Apple has introduced a single sign-on feature intended to rival social media sign-ins, as part of a broader effort to bolster its reputation for protecting users’ privacy.
Industry watchers have to date taken Apple’s privacy claims with a grain of salt, since its iPhone and iPad devices place few restrictions on the tracking activities carried out by apps running on them, such as those of Facebook and Google.
Nevertheless, Apple has been aggressive in seeking to distinguish itself from search and social media rivals whose business models are based on advertising.
The new Sign-in With Apple feature continues that trend, giving users the option of logging in using their Apple ID and their device’s built-in security features.
Apple makes much of the fact that it doesn’t track its users, and in addition to that, the new feature will give users the option of hiding their email addresses.
If they choose the option, Apple will create a random email address and forward messages sent to it to the user.
CCS Insight analyst Geoff Blaber said on Twitter the new sign-in feature could give Apple more control over users’ relationship with the web, and was also a “great marketing vehicle” for Apple’s privacy stance.
The analyst firm’s Ben Wood added that the feature would “concern rivals, particularly Facebook and Google, as their single sign-in solutions allow them to track and monetise users’ web activity and tailor advertising”.
“You can bet Apple will push this hard,” Wood added.
iOS 13, introduced at Apple’s World Wide Developer Conference 2019 and set to roll out this autumn, is to include other privacy features, including an option to force apps to ask every time they want to use location information.
They are to be blocked from using other markers such as Wi-Fi or Bluetooth signals to locate users.
Apple software chief Craig Federighi said Apple’s view is that privacy is a “fundamental human right”.
At the conference, Apple introduced Apple Music, Apple Podcast and Apple TV desktop applications that are set to supplant the 18-year-old iTunes.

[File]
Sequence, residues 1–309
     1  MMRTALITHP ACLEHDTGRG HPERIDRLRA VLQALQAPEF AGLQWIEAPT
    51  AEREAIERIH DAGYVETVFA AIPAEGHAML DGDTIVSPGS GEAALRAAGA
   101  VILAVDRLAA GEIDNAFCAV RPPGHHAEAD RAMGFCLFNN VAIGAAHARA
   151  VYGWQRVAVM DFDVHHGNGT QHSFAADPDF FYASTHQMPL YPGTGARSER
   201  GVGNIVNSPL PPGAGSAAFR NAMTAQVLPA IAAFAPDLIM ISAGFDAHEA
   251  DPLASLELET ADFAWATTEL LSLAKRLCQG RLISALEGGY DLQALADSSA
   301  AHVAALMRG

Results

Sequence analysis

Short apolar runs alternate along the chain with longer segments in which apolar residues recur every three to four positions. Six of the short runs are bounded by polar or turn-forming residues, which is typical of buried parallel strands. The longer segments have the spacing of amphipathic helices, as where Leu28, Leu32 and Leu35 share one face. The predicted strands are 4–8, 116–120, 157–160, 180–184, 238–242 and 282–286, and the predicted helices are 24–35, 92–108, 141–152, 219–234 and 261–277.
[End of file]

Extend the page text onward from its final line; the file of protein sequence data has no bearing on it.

A new Dark Mode in iOS 13 is designed to make content easier to view in low light, and a new version of Apple Maps introduces a Street View-style virtual tour feature.
The Find My iPhone and Find My Friends apps can now locate Apple devices even if they are offline, using Bluetooth signals.
The Apple Watch has become more independent, with its own app store, and is to receive new apps including a menstrual cycle tracker and a noise level alert to warn users when they’re around noises that could damage their hearing.
Apple is to give the iPad more laptop-like features with its own OS update, now called iPadOS.
Apple introduced a new Mac Pro workstation supporting an Intel Xeon chip with up to 28 cores, and a 32-inch LCD monitor with a Retina 6K display and a 1,000,000:1 “Extreme Dynamic Range”, or XDR, contrast ratio.
The new workstation, which users on social media were quick to compare to a cheese grater, due to the prominent grid of circular air vents covering its front and back, is to be priced starting at $5,999 (£4,732) for the most basic model with an 8-core processor, with the Pro Display XDR costing $4,999.
However, the display doesn’t include a stand, which is to sell for an additional $999 when the hardware becomes available in the autumn.
Apple said the workstation could be fitted with optional wheels for added portability.
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